AHTC trial: Davinder Singh accuses Sylvia Lim of lying to town council members, court and Parliament

NBN Asia News

NBN Asia News

SINGAPORE: Former chairman of the Aljunied-Hougang Town Council (AHTC) Sylvia Lim “misled everyone”, and lied that the town council had to upscale its own computer system because an IT firm terminated the system in use at the time in 2011, Senior Counsel Davinder Singh charged on Thursday (Oct 18).

Mr Singh, the lawyer representing the Pasir Ris-Punggol Town Council in a civil lawsuit against Workers’ Party MPs Ms Lim, Mr Pritam Singh and Mr Low Thia Khiang over flawed governance of AHTC, said that Ms Lim led everyone to believe that the upscaling of the system came as a result of IT firm Action Information Management (AIM) withdrawing its Town Council Management System (TCMS) in 2011.

AIM gave its notice of termination on June 22, 2011, the High Court heard on Thursday. However, preparations for the upscaling of Hougang Town Council’s existing software to suit the larger constituencies of Aljunied and Hougang combined started well before, he said.

At the heart of the defence presented by Ms Lim and her fellow defendants is that the actions taken by them – setting up managing agent FMSS and upscaling the computer system – were in the best interests of the residents, as the town council was purportedly left without a managing agent, and without a computer system to work with after WP won Aljunied GRC in the 2011 General Election.

But Mr Singh pointed to email evidence and letters that showed that the town council had moved towards upscaling its computer system before AIM terminated it.

One such letter was dated May 13, 2011, from Ms How Weng Fan, the secretary of Hougang Town Council, on bringing in a computer vendor.

Mr Singh said: “In other words, before the 13th of May when this letter was sent out, it had already been decided that the Hougang Town Council computer vendor would be asked to upscale the computer system, right?”

“It could have been on the 13th itself, but I agree that it would have to happen before the letter went out,” Ms Lim replied.

She said that she and her colleagues were worried that AIM would terminate its contract, based on their past experience. 

But Mr Singh retorted that the concerns were not expressed in any emails. He also pointed out that AIM had extended its services to AHTC to Aug 31, 2011, when the town council requested it, after its original termination date of Aug 1.


Mr Singh also accused Ms Lim of lying in her affidavit, in which she said that Mr Jeffrey Chua, who was CPG’s managing director and general manager of Aljunied Town Council, informed the WP chairman and Ms How in early June 2011 that AIM would withdraw the TCMS.

“My sense was that Jeffrey gave us this ‘heads up’ so that we could make the necessary preparations,” Ms Lim wrote in her affidavit. “In the circumstances, AHTC started urgent preparations for the withdrawal of the TCMS by upscaling the Hougang SMC computer software.”

Mr Singh said: “It’s a false impression, isn’t it? Suggesting that you started the upscaling after Jeffrey had told you that AIM was going to withdraw? Yes or no? In saying that AHTC started urgent preparations for the withdrawal of the TCMS by upscaling the software after Jeffrey had given Ms How the heads up, is not true.”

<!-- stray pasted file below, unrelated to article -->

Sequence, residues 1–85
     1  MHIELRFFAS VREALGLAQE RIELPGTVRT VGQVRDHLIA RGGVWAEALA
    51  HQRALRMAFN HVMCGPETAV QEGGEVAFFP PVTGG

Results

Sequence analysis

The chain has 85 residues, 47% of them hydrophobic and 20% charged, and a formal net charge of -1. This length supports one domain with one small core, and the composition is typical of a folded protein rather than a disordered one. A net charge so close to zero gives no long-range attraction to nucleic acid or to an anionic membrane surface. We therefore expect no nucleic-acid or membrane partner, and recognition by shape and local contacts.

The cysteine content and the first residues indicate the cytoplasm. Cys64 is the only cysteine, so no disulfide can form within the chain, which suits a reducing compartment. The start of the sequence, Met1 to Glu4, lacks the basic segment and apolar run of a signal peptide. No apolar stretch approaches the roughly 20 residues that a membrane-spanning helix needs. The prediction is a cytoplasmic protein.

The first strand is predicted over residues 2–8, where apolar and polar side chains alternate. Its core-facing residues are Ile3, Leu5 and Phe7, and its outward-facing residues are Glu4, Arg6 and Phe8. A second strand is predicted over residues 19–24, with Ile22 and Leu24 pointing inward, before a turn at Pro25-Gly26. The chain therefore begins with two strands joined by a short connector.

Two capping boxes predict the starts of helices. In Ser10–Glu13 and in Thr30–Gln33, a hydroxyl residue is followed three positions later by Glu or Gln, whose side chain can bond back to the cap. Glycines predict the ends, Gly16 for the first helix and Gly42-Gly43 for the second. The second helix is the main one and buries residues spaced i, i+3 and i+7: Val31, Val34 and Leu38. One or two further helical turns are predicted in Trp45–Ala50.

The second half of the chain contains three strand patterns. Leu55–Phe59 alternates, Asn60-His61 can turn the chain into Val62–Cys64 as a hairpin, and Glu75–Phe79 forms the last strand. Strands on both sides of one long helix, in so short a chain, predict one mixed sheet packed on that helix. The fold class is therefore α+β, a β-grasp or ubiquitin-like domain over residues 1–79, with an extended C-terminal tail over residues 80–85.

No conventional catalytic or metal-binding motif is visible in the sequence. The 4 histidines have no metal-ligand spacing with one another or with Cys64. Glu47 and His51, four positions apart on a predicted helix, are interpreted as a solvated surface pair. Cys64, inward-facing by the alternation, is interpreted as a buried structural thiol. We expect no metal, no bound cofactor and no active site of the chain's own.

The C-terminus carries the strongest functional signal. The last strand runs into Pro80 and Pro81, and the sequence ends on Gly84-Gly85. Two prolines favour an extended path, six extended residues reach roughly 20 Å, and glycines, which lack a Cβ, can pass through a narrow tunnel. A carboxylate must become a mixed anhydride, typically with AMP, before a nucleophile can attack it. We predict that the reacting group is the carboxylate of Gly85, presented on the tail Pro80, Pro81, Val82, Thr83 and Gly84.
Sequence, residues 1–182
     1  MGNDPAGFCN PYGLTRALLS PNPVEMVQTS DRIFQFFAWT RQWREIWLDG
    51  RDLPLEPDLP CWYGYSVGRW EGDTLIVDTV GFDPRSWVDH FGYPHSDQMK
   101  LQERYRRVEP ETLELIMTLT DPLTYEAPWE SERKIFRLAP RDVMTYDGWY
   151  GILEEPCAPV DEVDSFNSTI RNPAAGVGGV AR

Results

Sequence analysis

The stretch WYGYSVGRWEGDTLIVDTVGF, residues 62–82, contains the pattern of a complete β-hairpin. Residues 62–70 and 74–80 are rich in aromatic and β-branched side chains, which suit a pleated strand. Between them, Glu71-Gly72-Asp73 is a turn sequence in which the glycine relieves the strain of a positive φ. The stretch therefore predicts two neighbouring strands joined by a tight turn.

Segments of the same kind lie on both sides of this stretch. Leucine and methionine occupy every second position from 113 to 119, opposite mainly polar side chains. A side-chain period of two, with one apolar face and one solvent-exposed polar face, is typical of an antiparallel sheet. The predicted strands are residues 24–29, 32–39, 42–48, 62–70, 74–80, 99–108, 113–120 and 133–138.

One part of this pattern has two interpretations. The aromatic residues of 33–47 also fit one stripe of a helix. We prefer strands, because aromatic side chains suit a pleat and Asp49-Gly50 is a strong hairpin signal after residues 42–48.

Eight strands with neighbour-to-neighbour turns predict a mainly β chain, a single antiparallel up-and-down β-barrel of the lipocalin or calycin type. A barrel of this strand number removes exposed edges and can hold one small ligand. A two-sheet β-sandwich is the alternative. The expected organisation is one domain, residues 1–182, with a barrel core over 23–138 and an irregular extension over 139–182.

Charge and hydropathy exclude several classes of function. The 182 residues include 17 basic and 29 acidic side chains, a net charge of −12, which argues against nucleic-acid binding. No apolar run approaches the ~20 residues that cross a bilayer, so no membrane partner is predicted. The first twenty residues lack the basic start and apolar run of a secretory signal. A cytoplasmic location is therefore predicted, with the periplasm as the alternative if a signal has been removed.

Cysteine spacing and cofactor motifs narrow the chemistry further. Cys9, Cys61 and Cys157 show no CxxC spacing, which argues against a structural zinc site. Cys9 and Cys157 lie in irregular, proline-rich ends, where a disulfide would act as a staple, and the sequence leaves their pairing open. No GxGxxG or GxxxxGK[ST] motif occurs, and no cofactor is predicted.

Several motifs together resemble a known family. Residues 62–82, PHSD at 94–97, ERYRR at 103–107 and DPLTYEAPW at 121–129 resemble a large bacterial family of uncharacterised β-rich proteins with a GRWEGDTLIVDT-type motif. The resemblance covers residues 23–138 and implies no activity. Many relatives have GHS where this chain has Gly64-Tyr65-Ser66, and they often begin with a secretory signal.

Ms Lim denied the charge, saying that some preparatory work would have started in anticipation of the withdrawal of the TCMS.

Mr Singh also turned to an extract of a speech Ms Lim gave in Parliament in February 2015. Ms Lim was responding to then-minister for national development Khaw Boon Wan, who raised the Auditor-General’s report on the audit of Aljunied-Hougang-Punggol East Town Council (AHPETC). The report had found that there were “deficiencies” in AHPETC’s financial and accounting systems, among other things.

In her response in Parliament, Ms Lim said: “For the first contract in 2011 for managing agent services, it was triggered as the incumbent managing agent, CPG Facilities Management, asked to be released from the contract with the town council for business reasons. There was an urgent need to put in place a computer system due to the termination of the former system in use.”

Addressing Ms Lim, Mr Singh said: “You see the words ‘due to’? Ms Lim. In your defence you gave the impression that it was because AIM had terminated that AHTC had to upscale its computer system.

“In Parliament, you gave that very same impression. To your own town council members, both in the report and what was discussed, you continued to give that impression as well. 

“In all the instances I have shown you, you led the town councillors, the court, Parliament, and the public, to believe that it was because AIM had terminated that AHTC had no choice but to upscale. And therefore was put in a difficult position as far as its collections were concerned. Correct?”

Ms Lim agreed.

“And as we know, from the documents, that was a false impression,” Mr Singh continued. “That was knowingly and deliberately perpetuated by you because you knew the facts.”

“I disagree,” Ms Lim said.

Mr Singh charged that she had “misled everyone. You gave them the false impression, including in Parliament in this passage I’ve read, that AIM terminated, and therefore we had to upscale. You lied”.

“I disagree,” Ms Lim replied.

The trial resumes on Friday with Ms Lim returning to the stand.


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